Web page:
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Neural Regen Res. 2016 Nov;11(11):1810-1815. doi: 10.4103/1673-5374.194751.

Development of a 3D matrix for modeling mammalian spinal cord injury in vitro.

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Department of Genetics, Cell Biology and Development, University of Minnesota, Minneapolis, MN, USA; Current address: Center for Biotechnology and Interdisciplinary Studies, Rensselaer Polytechnic Institute, Troy, NY, USA.
Minnesota Dental Research Center for Biomaterials and Biomechanics, Department of Restorative Sciences, School of Dentistry, University of Minnesota, Minneapolis, MN, USA.
Department of Genetics, Cell Biology and Development, University of Minnesota, Minneapolis, MN, USA.


Spinal cord injury affects millions of people around the world, however, limited therapies are available to improve the quality of life of these patients. Spinal cord injury is usually modeled in rats and mice using contusion or complete transection models and this has led to a deeper understanding of the molecular and cellular complexities of the injury. However, it has not to date led to development of successful novel therapies, this is in part due to the complexity of the injury and the difficulty of deciphering the exact roles and interactions of different cells within this complex environment. Here we developed a collagen matrix that can be molded into the 3D tubular shape with a lumen and can hence support cell interactions in a similar architecture to a spinal cord. We show that astrocytes can be successfully grown on this matrix in vitro and when injured, the cells respond as they do in vivo and undergo reactive gliosis, one of the steps that lead to formation of a glial scar, the main barrier to spinal cord regeneration. In the future, this system can be used to quickly assess the effect of drugs on glial scar protein activity or to perform live imaging of labeled cells after exposure to drugs.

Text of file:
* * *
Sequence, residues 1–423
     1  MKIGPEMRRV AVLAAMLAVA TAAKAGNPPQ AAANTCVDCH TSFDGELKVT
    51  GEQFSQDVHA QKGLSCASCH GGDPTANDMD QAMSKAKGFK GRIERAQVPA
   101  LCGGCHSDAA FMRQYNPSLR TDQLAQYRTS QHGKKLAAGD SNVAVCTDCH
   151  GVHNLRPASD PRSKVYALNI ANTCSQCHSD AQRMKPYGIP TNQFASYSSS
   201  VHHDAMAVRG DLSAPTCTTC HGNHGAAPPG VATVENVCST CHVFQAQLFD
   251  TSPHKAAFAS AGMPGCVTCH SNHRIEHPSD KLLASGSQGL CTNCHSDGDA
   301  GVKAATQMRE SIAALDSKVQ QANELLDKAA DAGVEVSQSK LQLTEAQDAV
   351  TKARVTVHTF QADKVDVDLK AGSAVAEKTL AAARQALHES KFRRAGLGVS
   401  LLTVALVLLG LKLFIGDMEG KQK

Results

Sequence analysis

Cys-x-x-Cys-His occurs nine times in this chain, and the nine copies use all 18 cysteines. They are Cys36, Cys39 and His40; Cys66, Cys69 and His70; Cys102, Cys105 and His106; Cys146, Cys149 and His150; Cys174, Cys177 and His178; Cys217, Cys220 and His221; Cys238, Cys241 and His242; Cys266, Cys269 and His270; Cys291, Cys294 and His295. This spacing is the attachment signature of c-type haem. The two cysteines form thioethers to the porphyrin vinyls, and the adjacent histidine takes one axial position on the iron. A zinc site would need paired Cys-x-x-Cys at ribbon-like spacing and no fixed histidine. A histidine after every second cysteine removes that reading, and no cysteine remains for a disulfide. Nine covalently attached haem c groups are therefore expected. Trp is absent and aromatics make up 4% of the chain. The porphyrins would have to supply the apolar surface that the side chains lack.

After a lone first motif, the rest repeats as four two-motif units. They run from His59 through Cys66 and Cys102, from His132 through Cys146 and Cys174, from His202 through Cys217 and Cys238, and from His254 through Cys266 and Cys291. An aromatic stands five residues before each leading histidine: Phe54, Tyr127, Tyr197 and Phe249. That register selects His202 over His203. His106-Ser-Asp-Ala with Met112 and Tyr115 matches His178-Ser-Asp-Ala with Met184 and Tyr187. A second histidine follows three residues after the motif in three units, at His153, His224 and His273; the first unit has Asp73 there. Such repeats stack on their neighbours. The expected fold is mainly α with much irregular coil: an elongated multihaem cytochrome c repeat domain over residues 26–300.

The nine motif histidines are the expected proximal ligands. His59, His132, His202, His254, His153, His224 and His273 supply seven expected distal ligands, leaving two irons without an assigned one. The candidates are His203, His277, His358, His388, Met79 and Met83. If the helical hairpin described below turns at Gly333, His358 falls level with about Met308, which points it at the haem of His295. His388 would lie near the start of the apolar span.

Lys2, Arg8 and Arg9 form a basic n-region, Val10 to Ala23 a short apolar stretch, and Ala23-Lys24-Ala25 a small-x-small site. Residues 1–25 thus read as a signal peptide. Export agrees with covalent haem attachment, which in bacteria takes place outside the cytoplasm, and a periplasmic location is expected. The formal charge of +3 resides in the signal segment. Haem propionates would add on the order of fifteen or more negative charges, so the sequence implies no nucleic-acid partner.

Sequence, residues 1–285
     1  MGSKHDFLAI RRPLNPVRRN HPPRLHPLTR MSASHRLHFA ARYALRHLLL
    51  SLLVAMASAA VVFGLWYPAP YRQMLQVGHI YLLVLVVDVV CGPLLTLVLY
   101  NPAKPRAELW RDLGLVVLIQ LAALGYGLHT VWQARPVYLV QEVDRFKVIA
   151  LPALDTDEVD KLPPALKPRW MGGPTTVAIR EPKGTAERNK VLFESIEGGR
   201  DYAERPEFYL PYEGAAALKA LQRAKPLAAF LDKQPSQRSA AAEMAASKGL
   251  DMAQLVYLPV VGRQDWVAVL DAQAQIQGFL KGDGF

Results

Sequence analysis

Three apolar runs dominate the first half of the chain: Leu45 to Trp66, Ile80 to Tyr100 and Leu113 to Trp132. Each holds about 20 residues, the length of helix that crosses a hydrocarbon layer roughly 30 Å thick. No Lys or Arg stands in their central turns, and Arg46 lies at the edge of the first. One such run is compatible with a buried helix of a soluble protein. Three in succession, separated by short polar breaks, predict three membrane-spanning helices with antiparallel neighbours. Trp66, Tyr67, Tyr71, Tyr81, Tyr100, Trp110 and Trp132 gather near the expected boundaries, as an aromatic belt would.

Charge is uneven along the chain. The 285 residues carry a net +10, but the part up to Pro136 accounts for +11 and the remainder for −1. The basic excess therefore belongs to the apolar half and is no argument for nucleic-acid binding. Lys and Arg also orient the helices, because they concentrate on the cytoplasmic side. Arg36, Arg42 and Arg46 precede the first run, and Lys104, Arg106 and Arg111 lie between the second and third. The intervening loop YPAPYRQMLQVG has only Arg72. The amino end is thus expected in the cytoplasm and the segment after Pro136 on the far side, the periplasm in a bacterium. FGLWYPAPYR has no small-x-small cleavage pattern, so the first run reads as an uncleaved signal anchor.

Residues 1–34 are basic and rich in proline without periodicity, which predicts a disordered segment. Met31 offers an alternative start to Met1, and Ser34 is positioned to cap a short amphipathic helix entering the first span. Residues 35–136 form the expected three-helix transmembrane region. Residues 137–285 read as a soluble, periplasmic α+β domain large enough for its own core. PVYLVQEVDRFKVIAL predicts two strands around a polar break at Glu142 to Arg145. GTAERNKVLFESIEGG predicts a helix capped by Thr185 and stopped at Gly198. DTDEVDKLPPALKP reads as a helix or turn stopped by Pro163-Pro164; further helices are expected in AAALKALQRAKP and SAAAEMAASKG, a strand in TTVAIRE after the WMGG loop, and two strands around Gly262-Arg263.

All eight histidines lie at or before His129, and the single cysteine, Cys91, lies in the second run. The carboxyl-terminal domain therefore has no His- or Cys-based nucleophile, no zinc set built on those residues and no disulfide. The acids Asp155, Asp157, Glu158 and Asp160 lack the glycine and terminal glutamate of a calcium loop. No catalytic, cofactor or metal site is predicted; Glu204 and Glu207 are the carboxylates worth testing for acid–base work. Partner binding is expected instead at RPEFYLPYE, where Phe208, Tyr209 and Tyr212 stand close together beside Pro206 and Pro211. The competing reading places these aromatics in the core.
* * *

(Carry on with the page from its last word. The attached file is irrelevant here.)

3D scaffold; astrocytes; in vitro models; nerve regeneration; neural regeneration; reactive gliosis; spinal cord injury

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